Do Price Promotions Help or Hurt Premium-product Brands? The Impact of Different Price-promotion Types on Sales and Brand Perception

Felix Zoellner, Tobias Schaefers

Research output: Contribution to journalJournal articleResearchpeer-review

Abstract

Although various types of price promotion are used to increase sales, they negatively may affect consumers' perceptions of a premium-product brand. The authors of this study believe their work advances the limited research in this area by distinguishing between direct- versus indirect-price reduction and marketers' use of a "precondition"—i.e., promotions offering free gifts, trade-in incentives, or loyalty-program benefits. Results of this two-part study, which combined sales data of German premium automobile brands with consumer-behavior analysis, showed that direct-price reduction had the strongest positive sales impact. Brand perception was least deteriorated by both direct-price reduction without a precondition—and indirect-price reduction with a precondition.
Original languageEnglish
JournalJournal of Advertising Research
Volume55
Issue number3
Pages (from-to)270-283
Number of pages14
ISSN0021-8499
DOIs
Publication statusPublished - 2015
Externally publishedYes

Cite this

@article{84da7ff9e2c74a20a7072637a61f0f03,
title = "Do Price Promotions Help or Hurt Premium-product Brands?: The Impact of Different Price-promotion Types on Sales and Brand Perception",
abstract = "Although various types of price promotion are used to increase sales, they negatively may affect consumers' perceptions of a premium-product brand. The authors of this study believe their work advances the limited research in this area by distinguishing between direct- versus indirect-price reduction and marketers' use of a {"}precondition{"}—i.e., promotions offering free gifts, trade-in incentives, or loyalty-program benefits. Results of this two-part study, which combined sales data of German premium automobile brands with consumer-behavior analysis, showed that direct-price reduction had the strongest positive sales impact. Brand perception was least deteriorated by both direct-price reduction without a precondition—and indirect-price reduction with a precondition.",
author = "Felix Zoellner and Tobias Schaefers",
year = "2015",
doi = "10.2501/JAR-2015-008",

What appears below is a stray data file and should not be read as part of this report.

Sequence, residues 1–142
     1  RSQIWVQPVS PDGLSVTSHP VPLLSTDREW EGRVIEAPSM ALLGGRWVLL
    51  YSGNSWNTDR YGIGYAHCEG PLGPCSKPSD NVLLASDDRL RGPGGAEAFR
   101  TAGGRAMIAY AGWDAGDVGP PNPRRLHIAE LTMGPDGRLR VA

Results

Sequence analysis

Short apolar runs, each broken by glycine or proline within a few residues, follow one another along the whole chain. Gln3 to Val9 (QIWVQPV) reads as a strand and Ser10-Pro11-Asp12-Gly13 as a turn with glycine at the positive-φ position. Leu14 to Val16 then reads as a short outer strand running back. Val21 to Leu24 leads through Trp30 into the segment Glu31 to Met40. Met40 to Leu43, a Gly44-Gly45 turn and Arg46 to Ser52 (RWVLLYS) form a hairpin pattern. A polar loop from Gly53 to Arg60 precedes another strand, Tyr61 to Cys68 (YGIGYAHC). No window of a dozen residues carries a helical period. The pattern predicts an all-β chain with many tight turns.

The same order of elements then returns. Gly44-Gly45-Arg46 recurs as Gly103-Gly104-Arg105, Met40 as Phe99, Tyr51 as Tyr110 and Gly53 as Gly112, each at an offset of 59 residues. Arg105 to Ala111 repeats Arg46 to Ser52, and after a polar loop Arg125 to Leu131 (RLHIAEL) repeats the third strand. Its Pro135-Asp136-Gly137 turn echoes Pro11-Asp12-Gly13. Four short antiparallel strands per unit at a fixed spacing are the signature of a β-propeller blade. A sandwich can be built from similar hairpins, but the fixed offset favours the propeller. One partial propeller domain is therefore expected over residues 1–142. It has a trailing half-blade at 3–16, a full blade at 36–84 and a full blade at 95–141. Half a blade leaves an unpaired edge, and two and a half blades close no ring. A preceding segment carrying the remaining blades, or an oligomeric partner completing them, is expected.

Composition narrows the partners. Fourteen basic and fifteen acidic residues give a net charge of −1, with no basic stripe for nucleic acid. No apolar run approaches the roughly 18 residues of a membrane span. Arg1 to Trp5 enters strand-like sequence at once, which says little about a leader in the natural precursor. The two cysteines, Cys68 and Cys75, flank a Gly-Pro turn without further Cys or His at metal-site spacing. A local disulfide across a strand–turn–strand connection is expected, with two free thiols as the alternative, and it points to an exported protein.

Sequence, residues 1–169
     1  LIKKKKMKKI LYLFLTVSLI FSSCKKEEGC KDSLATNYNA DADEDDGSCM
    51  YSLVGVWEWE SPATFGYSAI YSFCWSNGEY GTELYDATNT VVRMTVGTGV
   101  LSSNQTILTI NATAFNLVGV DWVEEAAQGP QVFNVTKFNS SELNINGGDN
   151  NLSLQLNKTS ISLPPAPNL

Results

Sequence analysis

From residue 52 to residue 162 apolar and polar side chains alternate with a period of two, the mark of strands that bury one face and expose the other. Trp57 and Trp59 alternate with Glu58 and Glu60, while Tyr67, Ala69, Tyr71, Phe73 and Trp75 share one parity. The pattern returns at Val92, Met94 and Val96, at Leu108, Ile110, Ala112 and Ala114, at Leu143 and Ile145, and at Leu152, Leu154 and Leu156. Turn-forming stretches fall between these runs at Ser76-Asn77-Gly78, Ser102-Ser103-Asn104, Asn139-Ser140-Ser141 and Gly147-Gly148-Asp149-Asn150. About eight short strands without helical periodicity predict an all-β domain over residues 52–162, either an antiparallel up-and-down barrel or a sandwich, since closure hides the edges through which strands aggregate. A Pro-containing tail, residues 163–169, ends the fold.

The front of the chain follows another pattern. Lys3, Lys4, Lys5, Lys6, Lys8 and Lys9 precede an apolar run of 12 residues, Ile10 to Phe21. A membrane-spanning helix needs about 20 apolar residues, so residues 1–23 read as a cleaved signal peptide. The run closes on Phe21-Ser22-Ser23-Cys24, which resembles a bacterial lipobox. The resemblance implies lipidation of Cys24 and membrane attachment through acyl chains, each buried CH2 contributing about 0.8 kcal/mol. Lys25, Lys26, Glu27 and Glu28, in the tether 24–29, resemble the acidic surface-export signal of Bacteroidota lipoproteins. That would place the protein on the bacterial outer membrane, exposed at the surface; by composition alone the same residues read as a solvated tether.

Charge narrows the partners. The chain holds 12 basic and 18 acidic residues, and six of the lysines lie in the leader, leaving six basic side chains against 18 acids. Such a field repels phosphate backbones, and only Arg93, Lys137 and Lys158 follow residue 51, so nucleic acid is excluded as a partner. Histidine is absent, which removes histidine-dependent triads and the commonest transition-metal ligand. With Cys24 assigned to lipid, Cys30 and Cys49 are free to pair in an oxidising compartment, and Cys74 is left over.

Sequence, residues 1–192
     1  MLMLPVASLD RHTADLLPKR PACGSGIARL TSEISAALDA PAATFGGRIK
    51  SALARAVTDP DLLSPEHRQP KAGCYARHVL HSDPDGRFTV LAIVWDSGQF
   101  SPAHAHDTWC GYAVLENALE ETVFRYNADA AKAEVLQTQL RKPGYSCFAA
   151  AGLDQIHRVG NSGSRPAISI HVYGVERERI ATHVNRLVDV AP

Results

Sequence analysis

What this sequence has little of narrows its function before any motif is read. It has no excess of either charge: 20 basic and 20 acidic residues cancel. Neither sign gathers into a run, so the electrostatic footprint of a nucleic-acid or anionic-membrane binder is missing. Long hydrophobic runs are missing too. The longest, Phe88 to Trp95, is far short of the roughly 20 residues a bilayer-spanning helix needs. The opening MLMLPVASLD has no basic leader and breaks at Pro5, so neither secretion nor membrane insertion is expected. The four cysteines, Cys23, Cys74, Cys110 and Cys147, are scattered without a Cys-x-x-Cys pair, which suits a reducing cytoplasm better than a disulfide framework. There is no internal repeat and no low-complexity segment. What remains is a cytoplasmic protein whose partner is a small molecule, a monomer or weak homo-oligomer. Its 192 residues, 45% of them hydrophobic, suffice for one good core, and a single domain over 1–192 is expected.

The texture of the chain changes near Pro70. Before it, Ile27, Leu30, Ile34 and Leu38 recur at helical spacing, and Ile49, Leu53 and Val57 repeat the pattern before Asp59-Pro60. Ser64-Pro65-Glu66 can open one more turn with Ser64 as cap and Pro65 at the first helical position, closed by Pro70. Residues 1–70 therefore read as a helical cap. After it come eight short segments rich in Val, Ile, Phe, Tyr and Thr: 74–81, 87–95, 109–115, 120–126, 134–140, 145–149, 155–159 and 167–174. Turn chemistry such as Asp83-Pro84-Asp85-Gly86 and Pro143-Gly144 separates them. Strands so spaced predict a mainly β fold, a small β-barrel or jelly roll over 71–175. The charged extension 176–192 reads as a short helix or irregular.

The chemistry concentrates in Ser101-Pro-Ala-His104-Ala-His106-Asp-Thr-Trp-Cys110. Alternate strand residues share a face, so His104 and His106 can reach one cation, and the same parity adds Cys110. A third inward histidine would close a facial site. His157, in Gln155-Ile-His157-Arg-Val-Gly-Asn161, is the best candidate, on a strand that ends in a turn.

language = "English",
volume = "55",
pages = "270--283",
journal = "Journal of Advertising Research",
issn = "0021-8499",
publisher = "World Advertising Research Center",
number = "3",

}

Do Price Promotions Help or Hurt Premium-product Brands? The Impact of Different Price-promotion Types on Sales and Brand Perception. / Zoellner, Felix; Schaefers, Tobias.

In: Journal of Advertising Research, Vol. 55, No. 3, 2015, p. 270-283.

Research output: Contribution to journalJournal articleResearchpeer-review

TY - JOUR

T1 - Do Price Promotions Help or Hurt Premium-product Brands?

T2 - The Impact of Different Price-promotion Types on Sales and Brand Perception

AU - Zoellner, Felix

AU - Schaefers, Tobias

PY - 2015

Y1 - 2015

N2 - Although various types of price promotion are used to increase sales, they negatively may affect consumers' perceptions of a premium-product brand. The authors of this study believe their work advances the limited research in this area by distinguishing between direct- versus indirect-price reduction and marketers' use of a "precondition"—i.e., promotions offering free gifts, trade-in incentives, or loyalty-program benefits. Results of this two-part study, which combined sales data of German premium automobile brands with consumer-behavior analysis, showed that direct-price reduction had the strongest positive sales impact. Brand perception was least deteriorated by both direct-price reduction without a precondition—and indirect-price reduction with a precondition.

AB - Although various types of price promotion are used to increase sales, they negatively may affect consumers' perceptions of a premium-product brand. The authors of this study believe their work advances the limited research in this area by distinguishing between direct- versus indirect-price reduction and marketers' use of a "precondition"—i.e., promotions offering free gifts, trade-in incentives, or loyalty-program benefits. Results of this two-part study, which combined sales data of German premium automobile brands with consumer-behavior analysis, showed that direct-price reduction had the strongest positive sales impact. Brand perception was least deteriorated by both direct-price reduction without a precondition—and indirect-price reduction with a precondition.

UR - https://sfx-45cbs.hosted.exlibrisgroup.com/45cbs?url_ver=Z39.88-2004&url_ctx_fmt=info:ofi/fmt:kev:mtx:ctx&ctx_enc=info:ofi/enc:UTF-8&ctx_ver=Z39.88-2004&rfr_id=info:sid/sfxit.com:azlist&sfx.ignore_date_threshold=1&rft.object_id=954921347245&rft.object_portfolio_id=&svc.holdings=yes&svc.fulltext=yes

U2 - 10.2501/JAR-2015-008

DO - 10.2501/JAR-2015-008

M3 - Journal article

AN - SCOPUS:84957062771

VL - 55

SP - 270

EP - 283

JO - Journal of Advertising Research

JF - Journal of Advertising Research

SN - 0021-8499

IS - 3

ER -